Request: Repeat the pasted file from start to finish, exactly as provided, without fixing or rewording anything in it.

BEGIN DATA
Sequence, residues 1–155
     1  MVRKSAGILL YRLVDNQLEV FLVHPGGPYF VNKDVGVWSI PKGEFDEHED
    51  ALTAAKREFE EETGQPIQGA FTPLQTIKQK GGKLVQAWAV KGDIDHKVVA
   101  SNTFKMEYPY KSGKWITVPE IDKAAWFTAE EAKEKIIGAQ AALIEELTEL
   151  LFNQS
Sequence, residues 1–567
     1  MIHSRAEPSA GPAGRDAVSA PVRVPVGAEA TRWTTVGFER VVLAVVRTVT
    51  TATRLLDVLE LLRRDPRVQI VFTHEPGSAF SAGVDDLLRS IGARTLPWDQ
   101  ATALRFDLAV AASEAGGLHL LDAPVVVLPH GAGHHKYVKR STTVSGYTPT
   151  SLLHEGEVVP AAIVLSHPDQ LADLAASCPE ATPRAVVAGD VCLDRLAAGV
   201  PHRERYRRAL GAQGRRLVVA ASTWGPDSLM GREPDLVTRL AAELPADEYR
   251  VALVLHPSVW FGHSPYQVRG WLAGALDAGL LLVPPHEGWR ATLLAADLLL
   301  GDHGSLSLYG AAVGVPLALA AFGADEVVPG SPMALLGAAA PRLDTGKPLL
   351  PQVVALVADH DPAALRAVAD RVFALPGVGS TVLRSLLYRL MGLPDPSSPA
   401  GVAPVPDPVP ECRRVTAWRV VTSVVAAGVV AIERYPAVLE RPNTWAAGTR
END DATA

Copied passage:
Sequence, residues 1–155
     1  MVRKSAGILL YRLVDNQLEV FLVHPGGPYF VNKDVGVWSI PKGEFDEHED
    51  ALTAAKREFE EETGQPIQGA FTPLQTIKQK GGKLVQAWAV KGDIDHKVVA
   101  SNTFKMEYPY KSGKWITVPE IDKAAWFTAE EAKEKIIGAQ AALIEELTEL
   151  LFNQS
Sequence, residues 1–567
     1  MIHSRAEPSA GPAGRDAVSA PVRVPVGAEA TRWTTVGFER VVLAVVRTVT
    51  TATRLLDVLE LLRRDPRVQI VFTHEPGSAF SAGVDDLLRS IGARTLPWDQ
   101  ATALRFDLAV AASEAGGLHL LDAPVVVLPH GAGHHKYVKR STTVSGYTPT
   151  SLLHEGEVVP AAIVLSHPDQ LADLAASCPE ATPRAVVAGD VCLDRLAAGV
   201  PHRERYRRAL GAQGRRLVVA ASTWGPDSLM GREPDLVTRL AAELPADEYR
   251  VALVLHPSVW FGHSPYQVRG WLAGALDAGL LLVPPHEGWR ATLLAADLLL
   301  GDHGSLSLYG AAVGVPLALA AFGADEVVPG SPMALLGAAA PRLDTGKPLL
   351  PQVVALVADH DPAALRAVAD RVFALPGVGS TVLRSLLYRL MGLPDPSSPA
   401  GVAPVPDPVP ECRRVTAWRV VTSVVAAGVV AIERYPAVLE RPNTWAAGTR